Clements: Following Hurricane Irma, Hurricane Maria doubled down the destruction on Puerto Rican agriculture. The recovery effort will take years for many farmers. Puerto Rico Farm Bureau President Hector Cordero says crops throughout the island are a complete loss.
Cordero: In general, we lost almost 100 percent of our agriculture. All crops, plantains, bananas, papaya, coffee, all are a loss.
Clements: Dairy represents the biggest sector of agriculture in Puerto Rico. Cordero, a dairy farmer himself, says dairy farmers are having trouble accessing their farms and getting their milk to processors. Currently, the industry is operating at a production level of about 50 percent.
Cordero: The biggest problem our dairy farmers have is the access to the farm and it’s impossible for the trucks from the dairy processors to get to the farmers. The other problem we have is we need access for the feed. We have three feed mills. They have the grain inventory but they don’t have the access to energy so they can’t produce creep for the animals.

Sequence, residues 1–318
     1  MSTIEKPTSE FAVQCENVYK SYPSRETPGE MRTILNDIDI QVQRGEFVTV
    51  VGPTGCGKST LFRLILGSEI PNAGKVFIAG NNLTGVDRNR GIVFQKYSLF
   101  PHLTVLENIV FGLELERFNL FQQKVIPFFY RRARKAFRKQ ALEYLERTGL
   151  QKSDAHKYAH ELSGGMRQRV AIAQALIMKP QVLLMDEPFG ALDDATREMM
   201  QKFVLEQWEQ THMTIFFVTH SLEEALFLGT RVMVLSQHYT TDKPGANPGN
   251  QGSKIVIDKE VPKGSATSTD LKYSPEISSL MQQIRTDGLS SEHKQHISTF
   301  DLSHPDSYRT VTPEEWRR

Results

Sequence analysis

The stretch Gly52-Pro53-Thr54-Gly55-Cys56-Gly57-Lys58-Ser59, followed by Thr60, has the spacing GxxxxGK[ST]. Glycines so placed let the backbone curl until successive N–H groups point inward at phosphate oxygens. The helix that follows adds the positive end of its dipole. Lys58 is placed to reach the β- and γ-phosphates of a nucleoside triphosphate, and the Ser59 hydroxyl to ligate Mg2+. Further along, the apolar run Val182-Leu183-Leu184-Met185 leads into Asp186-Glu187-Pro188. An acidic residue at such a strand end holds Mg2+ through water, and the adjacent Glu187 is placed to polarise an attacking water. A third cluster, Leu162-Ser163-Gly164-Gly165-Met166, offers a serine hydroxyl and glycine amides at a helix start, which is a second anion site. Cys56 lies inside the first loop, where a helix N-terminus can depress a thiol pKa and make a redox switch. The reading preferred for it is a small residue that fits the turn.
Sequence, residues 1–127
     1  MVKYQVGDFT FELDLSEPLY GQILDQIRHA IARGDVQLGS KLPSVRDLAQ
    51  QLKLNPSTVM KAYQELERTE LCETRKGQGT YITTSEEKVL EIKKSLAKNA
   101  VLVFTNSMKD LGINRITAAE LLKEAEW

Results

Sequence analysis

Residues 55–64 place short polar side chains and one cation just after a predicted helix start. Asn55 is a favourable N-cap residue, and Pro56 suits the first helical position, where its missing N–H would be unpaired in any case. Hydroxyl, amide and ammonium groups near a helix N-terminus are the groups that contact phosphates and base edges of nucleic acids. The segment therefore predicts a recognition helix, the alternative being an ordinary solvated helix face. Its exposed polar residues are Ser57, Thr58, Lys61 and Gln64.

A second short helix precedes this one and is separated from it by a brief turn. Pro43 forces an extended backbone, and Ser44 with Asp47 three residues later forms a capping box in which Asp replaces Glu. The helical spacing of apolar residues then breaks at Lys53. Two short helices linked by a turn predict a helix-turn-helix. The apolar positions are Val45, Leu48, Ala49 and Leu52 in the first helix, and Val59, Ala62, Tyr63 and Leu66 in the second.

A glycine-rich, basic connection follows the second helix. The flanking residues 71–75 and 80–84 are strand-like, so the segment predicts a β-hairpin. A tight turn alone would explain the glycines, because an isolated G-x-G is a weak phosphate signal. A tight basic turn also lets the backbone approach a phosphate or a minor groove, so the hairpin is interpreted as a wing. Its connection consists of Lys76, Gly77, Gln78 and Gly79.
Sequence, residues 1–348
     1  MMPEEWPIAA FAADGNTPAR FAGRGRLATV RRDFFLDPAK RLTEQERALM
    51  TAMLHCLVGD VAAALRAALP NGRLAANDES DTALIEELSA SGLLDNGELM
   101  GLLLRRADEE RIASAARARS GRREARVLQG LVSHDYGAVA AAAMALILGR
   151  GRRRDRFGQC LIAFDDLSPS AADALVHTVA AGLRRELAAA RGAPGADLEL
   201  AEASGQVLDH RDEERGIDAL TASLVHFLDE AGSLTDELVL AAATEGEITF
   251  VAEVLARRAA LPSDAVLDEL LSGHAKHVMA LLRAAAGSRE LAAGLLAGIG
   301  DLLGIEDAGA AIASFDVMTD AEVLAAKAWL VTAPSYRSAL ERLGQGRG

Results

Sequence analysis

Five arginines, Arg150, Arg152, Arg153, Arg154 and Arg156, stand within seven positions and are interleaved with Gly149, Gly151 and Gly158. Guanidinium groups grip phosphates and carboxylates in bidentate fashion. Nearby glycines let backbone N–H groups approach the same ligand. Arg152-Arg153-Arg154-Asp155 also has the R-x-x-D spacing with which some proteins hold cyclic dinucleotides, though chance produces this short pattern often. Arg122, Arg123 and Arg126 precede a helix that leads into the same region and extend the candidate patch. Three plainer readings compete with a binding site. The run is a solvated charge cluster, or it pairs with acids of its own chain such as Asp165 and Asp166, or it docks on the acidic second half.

Clements: He speculates that parts of rural Puerto Rico may be without electricity for up to a year as damages to power lines are repaired. While FEMA is helping the people of Puerto Rico, he says there needs to be more support for Puerto Rico agriculture.
Cordero: We need an action from Congress and from the USDA. We need people from USDA. The amount of employees that the USDA has in Puerto Rico is too small for the amount of necessity that we have in this moment.
Clements: Micheal Clements, Washington.